The “Write” Crime

Once Upon a Crime’s annual pun-addled “Write of Spring” event is upon us.

Martina Marosi


WHAT: Write of Spring

WHEN: 12 p.m.-4 p.m., Saturday, April 2

WHERE: Once Upon a Crime mystery bookstore (604 W. 26th St.)

COST: Free


Every spring for the past eight years, husband and wife Gary and Pat Shulze transform the cozy corners of their Once Upon a Crime bookstore into a veritable madhouse.

Spending months in preparation for a four-hour event, the Shulzes play hosts to more than 45 local mystery and crime fiction writers theyâÄôve invited to cycle through the space by the dozens in hour-long shifts.

This high-energy micro-festival is a celebration of all things crime- and mystery-related and styles itself the largest Minneapolis event âÄî if not the only of its kind âÄî where local mystery writers can connect with their readers. Throughout the day, hundreds will pass through the doors of Once Upon a Crime.

The otherwise quiet locale will be transformed as swarms of fans descend upon a store thatâÄôs no larger than a living room for the event now approaching its ninth year, aptly titled âÄúWrite of Spring.âÄù

âÄúItâÄôs a madhouse, and we get a kick out of it,âÄù Gary Shulze said.

Gary bought the store with Pat in 2002 from original owner Steve Stilwell who opened Once Upon a Crime in 1987 on April FoolsâÄô Day. Gary met Pat shortly before she started working for Stilwell, and when she proposed the idea of buying Once Upon a Crime to him, he quit his 30-plus year job as a piano technician to take on running the store full-time. On the fifth anniversary of buying Once Upon a Crime, Gary and Pat were married in a brief ceremony that took place in the store.

Both Shulzes are themselves longtime readers of mystery and crime fiction. TheyâÄôve brought their love of the genre with them in their eagerness to provide recommendations for both new and seasoned readers.

This emphasis on social interaction is facilitated by the absence of computers on-site, which the Shulzes believe fosters a more intimate environment.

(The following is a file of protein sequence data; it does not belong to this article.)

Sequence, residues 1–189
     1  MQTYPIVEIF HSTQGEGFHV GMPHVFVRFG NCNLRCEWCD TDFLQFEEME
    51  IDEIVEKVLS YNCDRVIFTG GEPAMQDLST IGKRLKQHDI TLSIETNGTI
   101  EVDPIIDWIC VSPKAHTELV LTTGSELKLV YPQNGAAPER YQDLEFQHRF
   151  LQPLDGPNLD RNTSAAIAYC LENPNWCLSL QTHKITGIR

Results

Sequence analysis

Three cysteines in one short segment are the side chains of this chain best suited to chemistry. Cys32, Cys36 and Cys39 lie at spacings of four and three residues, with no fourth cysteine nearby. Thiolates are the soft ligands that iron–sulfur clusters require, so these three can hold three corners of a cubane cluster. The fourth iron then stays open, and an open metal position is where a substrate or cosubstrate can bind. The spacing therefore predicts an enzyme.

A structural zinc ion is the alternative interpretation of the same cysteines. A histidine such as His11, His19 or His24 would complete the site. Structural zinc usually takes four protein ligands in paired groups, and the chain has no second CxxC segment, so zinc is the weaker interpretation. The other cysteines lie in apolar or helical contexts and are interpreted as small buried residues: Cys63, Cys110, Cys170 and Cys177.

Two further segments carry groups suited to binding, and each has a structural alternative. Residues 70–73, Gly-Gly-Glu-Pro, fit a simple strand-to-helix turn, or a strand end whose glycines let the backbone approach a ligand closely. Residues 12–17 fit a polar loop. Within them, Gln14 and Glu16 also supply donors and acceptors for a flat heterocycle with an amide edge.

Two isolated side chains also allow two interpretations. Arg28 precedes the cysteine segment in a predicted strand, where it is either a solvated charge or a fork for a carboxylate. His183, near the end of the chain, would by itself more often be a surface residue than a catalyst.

âÄúWell, if we could have one of those old-fashioned crank registers, we would âĦ we like to keep it as low-tech and cozy as we can get away with,âÄù Gary said.

In addition to the storefrontâÄôs stock of 15,000 to 20,000 titles, there is âÄúThe Annex,âÄù a second room that houses used, collectible and out-of-print editions.

âÄúItâÄôs crowded, but you kinda like it that way,âÄù local author and customer Steve Thayer said.

All of the bookracks in Once Upon a Crime are on wheels, a clever solution for rearrangement to best accommodate the full calendar of in-store events. In April, the Shulzes have either a launch party or an author visit scheduled once every three days.

âÄúYou wonâÄôt find a Minnesota mystery author who doesnâÄôt consider [the Shulzes] personal friends,âÄù local author Jenifer LeClair said.

Whether it is an eco-thriller, a suspenseful story âÄúset in the desperate world of television news,âÄù like former WCCO employee Julie KramerâÄòs series, or just a classic tale of good olâÄô fashioned murder, the world of mystery novels has evolved greatly beyond the days of gumshoe sleuths on the trail of a suspect.

Local writer Michael Allan Mallory commented on his genre and acknowledged its niche-specific appeal. âÄúOne has to be open-minded, certainly,âÄù Mallory said.

âÄúTheyâÄôre entertaining as well, but they have this extra dimension to them âĦ A good story is a good story, and thatâÄôs the main reason you read anything,âÄù Mallory said.

Once Upon a Crime is a traditional, romantic bookstore whose inventory is dedicated to the solving of often-violent mysteries. While the store itself shows no signs of slowing down, the next âÄúWrite of SpringâÄù in 2012 may be its last.

âÄúItâÄôs so much work,âÄù Gary said, but his wife hints at a different story.

âÄúWe say that every year âĦ WeâÄôre gluttons for punishment,âÄù Pat said.